Start demanding competence once again and the rest fixes itself.
Basically what you want to do is take all the new or relatively new people in the industry and tell them to stop everything. Then you get them to start practicing the very basics, sand bags falling, bouncing balls, basic anatomy, proportionality, walking cycles and so on. Every now and then you bring in an old-time pro, one of the old masters of the craft to give some advice and give some guidance. Along with the practice you make a backlog of things they need to watch: the best and the worst the medium has to offer, not just in terms of animation but also in delivery, writing and character development, so they can build some perspective.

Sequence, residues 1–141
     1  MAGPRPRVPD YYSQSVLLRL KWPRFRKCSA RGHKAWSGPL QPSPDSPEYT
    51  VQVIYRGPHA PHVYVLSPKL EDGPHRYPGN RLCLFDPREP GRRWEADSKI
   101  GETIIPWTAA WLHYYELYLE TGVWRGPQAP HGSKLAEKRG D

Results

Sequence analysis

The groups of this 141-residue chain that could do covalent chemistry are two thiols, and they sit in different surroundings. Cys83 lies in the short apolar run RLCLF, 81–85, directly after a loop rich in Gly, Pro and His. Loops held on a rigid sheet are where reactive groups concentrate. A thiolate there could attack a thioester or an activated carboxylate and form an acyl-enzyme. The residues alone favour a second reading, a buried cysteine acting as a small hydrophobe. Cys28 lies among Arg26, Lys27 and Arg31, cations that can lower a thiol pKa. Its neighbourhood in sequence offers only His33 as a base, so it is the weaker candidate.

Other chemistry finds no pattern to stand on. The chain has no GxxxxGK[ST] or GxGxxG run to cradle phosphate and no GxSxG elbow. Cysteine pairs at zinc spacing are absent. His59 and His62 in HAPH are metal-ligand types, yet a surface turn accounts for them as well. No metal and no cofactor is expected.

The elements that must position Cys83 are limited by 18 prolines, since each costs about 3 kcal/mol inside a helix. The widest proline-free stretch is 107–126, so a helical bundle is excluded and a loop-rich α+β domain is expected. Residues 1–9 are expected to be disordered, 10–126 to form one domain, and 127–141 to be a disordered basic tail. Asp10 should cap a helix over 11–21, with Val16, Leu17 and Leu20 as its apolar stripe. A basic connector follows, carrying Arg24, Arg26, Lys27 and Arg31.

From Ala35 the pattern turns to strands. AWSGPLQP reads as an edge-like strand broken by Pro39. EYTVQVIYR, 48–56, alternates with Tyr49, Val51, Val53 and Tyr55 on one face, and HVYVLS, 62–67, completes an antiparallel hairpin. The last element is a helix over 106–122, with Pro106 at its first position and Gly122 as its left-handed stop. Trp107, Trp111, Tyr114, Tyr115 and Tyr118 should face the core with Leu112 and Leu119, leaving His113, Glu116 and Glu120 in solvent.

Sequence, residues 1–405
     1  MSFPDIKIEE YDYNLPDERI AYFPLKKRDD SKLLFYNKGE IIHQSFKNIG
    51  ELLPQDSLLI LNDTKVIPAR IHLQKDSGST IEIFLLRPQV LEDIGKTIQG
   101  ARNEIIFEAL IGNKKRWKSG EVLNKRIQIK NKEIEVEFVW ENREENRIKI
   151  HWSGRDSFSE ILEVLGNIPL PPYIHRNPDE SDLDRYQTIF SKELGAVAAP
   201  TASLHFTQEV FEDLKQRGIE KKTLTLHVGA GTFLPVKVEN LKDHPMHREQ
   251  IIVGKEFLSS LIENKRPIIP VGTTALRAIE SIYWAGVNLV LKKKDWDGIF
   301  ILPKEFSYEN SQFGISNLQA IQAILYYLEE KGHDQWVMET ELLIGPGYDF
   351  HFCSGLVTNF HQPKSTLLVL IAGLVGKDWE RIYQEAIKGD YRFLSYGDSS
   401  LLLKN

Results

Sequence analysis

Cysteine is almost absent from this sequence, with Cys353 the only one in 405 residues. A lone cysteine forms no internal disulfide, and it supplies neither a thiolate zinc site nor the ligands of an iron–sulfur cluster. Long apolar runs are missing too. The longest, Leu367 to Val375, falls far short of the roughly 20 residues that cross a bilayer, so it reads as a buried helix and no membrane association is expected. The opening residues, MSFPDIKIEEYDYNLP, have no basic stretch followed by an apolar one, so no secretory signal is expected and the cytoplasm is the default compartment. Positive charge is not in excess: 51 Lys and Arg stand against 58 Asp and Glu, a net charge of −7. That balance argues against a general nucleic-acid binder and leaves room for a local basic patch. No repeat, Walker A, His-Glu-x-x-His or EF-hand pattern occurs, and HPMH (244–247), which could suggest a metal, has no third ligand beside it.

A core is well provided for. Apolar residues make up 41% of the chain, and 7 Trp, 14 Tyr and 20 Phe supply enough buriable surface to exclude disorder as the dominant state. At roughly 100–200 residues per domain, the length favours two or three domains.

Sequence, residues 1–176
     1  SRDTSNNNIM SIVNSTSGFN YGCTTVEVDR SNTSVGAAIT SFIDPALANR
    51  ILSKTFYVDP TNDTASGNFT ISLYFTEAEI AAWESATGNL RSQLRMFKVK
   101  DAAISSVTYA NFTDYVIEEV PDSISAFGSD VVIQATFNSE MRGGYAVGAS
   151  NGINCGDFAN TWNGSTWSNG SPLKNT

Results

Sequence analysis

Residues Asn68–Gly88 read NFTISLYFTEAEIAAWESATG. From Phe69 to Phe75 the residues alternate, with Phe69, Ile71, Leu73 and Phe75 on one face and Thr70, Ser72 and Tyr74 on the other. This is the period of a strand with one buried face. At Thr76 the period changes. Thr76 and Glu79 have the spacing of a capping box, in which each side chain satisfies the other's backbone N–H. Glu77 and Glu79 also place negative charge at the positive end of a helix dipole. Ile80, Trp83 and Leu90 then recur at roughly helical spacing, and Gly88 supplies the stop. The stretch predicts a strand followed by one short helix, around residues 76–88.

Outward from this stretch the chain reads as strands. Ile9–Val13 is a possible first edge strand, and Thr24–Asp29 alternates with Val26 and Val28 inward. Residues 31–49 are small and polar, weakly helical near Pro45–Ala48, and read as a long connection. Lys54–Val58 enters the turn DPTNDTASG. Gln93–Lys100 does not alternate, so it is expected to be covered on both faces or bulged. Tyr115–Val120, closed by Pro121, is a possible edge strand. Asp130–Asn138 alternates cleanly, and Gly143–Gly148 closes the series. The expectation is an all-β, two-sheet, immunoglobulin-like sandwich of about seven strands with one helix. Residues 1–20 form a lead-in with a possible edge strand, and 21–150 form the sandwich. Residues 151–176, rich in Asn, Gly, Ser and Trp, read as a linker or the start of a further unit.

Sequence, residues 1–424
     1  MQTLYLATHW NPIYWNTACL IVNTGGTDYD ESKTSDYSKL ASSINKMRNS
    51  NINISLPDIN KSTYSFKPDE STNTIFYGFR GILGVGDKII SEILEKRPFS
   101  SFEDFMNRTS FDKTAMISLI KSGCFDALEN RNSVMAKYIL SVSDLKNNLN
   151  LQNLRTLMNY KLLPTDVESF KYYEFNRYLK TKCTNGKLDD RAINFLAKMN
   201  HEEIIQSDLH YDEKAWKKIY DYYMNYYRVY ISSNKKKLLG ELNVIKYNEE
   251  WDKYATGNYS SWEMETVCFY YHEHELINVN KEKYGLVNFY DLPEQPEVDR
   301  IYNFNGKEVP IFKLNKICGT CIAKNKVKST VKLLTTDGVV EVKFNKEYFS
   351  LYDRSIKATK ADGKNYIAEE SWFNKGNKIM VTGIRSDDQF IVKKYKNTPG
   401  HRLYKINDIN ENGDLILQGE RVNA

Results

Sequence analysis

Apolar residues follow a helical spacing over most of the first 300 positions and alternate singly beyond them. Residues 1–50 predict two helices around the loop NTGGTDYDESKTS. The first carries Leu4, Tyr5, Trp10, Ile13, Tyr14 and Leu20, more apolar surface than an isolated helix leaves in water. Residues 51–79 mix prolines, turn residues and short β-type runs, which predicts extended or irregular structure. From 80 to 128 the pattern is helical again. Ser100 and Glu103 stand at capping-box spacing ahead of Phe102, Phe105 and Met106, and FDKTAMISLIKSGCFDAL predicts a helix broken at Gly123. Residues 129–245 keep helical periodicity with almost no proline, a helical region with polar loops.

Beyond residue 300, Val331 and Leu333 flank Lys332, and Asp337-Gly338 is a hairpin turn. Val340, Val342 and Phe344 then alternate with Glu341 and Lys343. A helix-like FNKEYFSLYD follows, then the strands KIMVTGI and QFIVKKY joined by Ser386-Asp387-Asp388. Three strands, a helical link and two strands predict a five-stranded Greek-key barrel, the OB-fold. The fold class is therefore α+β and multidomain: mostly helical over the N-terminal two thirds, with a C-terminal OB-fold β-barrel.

Finally, once they've mastered the basics and re-developed a better understanding of what makes a show entertaining and good, you show them other styles of animation, be it anime/manga, those Russian cartoons from the cold war, indie french stuff, etc..., not so they can copy it, but so they can see how many different styles there are and how it doesn't all need to follow the same pattern to be popular. Once again, the objective is to build perspective.
The reason for all this is that if you allow people to delve into abstraction without even mastering the basics, they'll often start using abstraction and fluidity as an excuse for laziness and progressiveness as an excuse for bad writing. With a deeper understanding of the fundamentals, they can approach abstract or unique concepts with more maturity and thus deliver better shows>tl;dr: you kill them all and rebuild anew.